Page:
Microsoft reportedly runs GitHub's AI Copilot at a loss
Redmond willing to do its accounts in red ink to get you hooked
Analysis Microsoft is reportedly losing up to $80 a month per user on its GitHub Copilot services.
According to a Wall Street Journal report citing a "person familiar with the figures," while Microsoft charges $10 a month for the service, the software giant is losing $20 a month per user on average and heavier users are costing the company as much as $80 every 30 days.
Announced in 2022, GitHub's Copilot employs OpenAI's large language models (LLMs) to assist programmers as they write and debug code in IDEs including Microsoft's own Visual Studio Code. Copilot essentially suggests source to drop into your projects as you type out comments, function definitions and code, and other lines. In March 2023 the platform got an upgrade to OpenAI's GPT-3.5 and GPT-4 models.
We've asked Microsoft for comment on the cost of running these AI models; we'll let you know if we hear back.
Running products at a loss is a common tactic across the technology industry, with the aim of building a dedicated user base and increasing prices once users are hooked. Microsoft sells its Xbox games console line below cost and recoups that loss as players spend on software and other content.
The same logic could apply to AI — a market Microsoft is investing heavily in to secure a first-mover advantage.
It's no secret that the hardware used to train and run most LLMs is expensive. Nvidia’s H100 accelerators sell for around $30,000 apiece, and we’ve seen them priced at $40,000 on eBay.
Microsoft employs tens of thousands of Nvidia A100s and H100s. This AI hardware and the servers it lives in guzzle electricity, too.
It’s hard to calculate the cost of Copilot’s ongoing operations, though OpenAI CEO Sam Altman has stated GPT-4 — the most advanced version of the company's LLM — cost more than $100 million to train.
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One way that Big Tech has tried to control the cost of AI is with custom accelerators, such as Google’s Tensor Processing Unit and Amazon’s Trainium and Inferentia silicon. Now, if a report last week is to be believed, Microsoft may be about to reveal its own custom AI accelerator.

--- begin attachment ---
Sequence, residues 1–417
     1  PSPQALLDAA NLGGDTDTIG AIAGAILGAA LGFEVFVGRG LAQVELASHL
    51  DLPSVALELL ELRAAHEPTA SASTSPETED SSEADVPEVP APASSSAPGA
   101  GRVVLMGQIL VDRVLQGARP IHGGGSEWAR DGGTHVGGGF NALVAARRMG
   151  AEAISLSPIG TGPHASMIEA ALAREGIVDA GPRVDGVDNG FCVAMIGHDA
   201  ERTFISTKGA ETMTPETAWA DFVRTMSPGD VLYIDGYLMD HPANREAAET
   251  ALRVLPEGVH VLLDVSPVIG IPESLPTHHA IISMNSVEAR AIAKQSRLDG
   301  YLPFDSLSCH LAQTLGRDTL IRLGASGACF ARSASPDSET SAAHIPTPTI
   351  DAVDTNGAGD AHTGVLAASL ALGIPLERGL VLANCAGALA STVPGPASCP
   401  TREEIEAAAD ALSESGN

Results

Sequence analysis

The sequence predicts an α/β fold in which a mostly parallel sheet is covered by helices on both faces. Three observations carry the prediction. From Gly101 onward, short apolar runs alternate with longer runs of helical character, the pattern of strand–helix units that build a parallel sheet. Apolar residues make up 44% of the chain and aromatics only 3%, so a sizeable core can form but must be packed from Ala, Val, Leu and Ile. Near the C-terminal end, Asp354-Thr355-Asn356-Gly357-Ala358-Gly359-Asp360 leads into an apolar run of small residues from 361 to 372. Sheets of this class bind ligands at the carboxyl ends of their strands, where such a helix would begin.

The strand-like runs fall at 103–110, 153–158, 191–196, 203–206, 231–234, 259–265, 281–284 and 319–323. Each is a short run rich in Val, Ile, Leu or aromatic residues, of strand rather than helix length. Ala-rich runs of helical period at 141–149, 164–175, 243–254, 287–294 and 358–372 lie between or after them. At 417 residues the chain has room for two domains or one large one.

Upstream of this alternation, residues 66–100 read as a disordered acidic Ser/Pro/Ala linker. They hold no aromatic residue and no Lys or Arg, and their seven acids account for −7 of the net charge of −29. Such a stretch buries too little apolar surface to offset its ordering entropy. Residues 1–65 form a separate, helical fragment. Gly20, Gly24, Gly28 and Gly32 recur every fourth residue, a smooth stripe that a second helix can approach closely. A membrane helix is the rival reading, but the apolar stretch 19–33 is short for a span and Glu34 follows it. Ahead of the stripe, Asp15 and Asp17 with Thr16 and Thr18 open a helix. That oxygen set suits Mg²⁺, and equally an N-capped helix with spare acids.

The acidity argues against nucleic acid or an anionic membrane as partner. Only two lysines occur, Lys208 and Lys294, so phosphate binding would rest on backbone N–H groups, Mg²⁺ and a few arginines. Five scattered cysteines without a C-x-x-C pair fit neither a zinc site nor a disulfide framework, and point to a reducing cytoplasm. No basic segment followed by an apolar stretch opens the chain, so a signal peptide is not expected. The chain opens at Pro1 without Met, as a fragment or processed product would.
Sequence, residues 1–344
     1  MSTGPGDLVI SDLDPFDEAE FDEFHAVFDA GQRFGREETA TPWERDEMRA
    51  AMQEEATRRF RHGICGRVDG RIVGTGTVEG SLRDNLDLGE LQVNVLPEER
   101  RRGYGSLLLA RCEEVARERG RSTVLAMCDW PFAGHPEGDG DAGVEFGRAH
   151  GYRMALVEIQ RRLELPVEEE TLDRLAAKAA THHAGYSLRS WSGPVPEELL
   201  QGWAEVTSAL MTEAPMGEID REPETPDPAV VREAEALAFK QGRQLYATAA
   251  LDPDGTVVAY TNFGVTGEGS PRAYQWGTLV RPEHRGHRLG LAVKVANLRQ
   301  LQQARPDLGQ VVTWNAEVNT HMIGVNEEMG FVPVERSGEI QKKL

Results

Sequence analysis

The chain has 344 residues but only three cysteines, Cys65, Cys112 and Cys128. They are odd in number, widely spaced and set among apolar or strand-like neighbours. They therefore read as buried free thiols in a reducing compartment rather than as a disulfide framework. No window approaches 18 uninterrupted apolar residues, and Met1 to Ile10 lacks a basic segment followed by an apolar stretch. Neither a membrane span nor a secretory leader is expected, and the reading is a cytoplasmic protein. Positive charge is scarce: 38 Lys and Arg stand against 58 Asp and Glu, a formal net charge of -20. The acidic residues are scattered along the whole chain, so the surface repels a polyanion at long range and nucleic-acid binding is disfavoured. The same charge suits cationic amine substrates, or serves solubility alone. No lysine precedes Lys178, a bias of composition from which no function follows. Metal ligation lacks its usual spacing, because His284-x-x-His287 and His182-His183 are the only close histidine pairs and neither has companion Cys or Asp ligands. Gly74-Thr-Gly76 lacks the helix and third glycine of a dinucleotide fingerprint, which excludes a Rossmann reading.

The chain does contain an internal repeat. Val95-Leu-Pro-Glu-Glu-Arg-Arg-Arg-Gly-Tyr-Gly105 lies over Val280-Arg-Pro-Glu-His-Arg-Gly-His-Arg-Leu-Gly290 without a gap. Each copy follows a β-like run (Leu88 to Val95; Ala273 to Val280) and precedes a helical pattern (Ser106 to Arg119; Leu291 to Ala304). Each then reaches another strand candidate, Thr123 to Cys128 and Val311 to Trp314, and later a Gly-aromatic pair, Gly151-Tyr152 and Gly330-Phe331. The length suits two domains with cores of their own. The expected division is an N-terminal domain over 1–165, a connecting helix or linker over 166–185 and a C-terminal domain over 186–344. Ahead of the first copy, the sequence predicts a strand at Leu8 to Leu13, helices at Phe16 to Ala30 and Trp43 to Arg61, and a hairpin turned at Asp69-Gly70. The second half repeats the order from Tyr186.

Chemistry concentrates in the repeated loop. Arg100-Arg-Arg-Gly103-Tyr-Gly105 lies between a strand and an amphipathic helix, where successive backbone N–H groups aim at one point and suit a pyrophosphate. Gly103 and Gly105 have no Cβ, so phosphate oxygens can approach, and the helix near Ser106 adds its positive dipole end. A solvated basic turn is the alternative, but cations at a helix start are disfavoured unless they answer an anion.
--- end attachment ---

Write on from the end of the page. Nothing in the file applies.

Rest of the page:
OpenAI is rumored to be considering working on its own custom processor for its ML workloads, too.
Microsoft’s current generative AI workloads are running on GPUs, largely down to the latency and bandwidth requirements of these models, which has made running them on CPUs impractical, Cambrian AI analyst Karl Freund told The Register.
As a result, these models benefit most from large quantities of high-bandwidth memory to hold all the model's parameters. For really large systems, such as OpenAI's 175 billion parameter GPT-3 model, multiple GPUs may be required per instance.
But it's worth noting GitHub Copilot isn't a general purpose chatbot like ChatGPT or Bing Chat: it does code. As we understand it, more specialized models usually can get away with fewer parameters and thus require less memory and therefore fewer GPUs.
As AI providers get a better grasp on the economies of scale involved, we could see higher prices for these features. Otter.AI, an AI-powered audio transcription service beloved by journalists and others, has raised prices and implemented new consumption limits on several occasions over the past few years.
It would not be surprising if Microsoft raised the price of GitHub Copilot once it has demonstrated its value to enough customers. After all, it's not a charity. ®